Ricarda Hammer Ph.D. '18, Department of Sociology
Ricarda Hammer is a PhD candidate in Sociology at Brown University. A historical sociologist, she is interested in empire and racial formations and the colonial entanglements of social and political theory. Her dissertation examines the formation of the politics of difference in the British imperial state, from the racialization of rights, to the production of colonial subjecthood and racialized conceptions of welfare. Before coming to Brown, Ricarda studied at the University of Cambridge and the School of Oriental and African Studies in London.
Isadora Moura Mota Ph.D. '17, Department of History
Isadora Moura Mota is a PhD candidate in the History Department at Brown University. Born and raised in Brazil, she completed a B.A. in History at the Federal University of Rio de Janeiro in 2003 and a master’s degree at the Center for the Social History of Culture at the State University of Campinas (UNICAMP) in 2005. Her research interests include nineteenth-century Brazilian history, comparative slavery and emancipation in the Atlantic World as well as the study of race in Latin America. She is currently writing a dissertation on Afro-Brazilians’ geopolitical literacy and the role of British abolitionism and the American Civil War in the history of emancipation in Brazil.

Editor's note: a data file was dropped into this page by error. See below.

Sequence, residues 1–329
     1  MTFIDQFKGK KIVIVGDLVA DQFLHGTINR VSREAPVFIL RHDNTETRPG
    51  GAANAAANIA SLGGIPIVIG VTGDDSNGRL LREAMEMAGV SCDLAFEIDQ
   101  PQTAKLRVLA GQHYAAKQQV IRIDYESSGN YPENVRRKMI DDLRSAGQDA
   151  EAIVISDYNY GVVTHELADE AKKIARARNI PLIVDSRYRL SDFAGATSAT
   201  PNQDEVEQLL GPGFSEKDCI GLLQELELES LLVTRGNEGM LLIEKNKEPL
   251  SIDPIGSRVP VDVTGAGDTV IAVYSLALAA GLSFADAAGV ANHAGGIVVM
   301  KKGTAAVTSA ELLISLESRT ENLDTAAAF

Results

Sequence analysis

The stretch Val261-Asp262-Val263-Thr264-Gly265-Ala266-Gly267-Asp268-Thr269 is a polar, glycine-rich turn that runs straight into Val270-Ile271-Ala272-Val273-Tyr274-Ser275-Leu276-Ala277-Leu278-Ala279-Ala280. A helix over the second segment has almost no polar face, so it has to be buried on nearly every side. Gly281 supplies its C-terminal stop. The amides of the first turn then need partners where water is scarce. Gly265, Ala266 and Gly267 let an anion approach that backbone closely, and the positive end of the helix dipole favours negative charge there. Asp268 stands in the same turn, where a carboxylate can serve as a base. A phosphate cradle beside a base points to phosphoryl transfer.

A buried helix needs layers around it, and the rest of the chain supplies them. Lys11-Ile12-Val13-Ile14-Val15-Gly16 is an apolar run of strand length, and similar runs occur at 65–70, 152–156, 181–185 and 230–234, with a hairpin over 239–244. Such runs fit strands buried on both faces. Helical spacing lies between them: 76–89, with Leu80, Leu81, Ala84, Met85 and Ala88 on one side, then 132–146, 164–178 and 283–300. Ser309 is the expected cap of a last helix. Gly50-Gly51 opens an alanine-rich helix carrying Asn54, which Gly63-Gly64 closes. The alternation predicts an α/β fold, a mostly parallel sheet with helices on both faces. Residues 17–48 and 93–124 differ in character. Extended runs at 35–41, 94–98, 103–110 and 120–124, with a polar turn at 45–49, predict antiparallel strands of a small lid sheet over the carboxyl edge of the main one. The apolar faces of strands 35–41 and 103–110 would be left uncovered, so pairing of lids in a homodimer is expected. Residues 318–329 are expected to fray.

Contact Isadora here.
Matthew Beach Ph.D. '16, Department of English
Matthew Beach is a Ph.D. candidate in the English Department at Brown University, with research interests in nineteenth- and twentieth-century American literature, gender and sexuality, race and body theory, and disability studies. His dissertation, "Out of Time: Sentimentality and Temporality in American Literature" reads American sentimental literature through the lens of contemporary work on temporality, affect, and futurity. The project argues that the sentimental genre prefigures and therefore has much to contribute to current theoretical debates on affective historiography, exhaustion, pain, and optimism.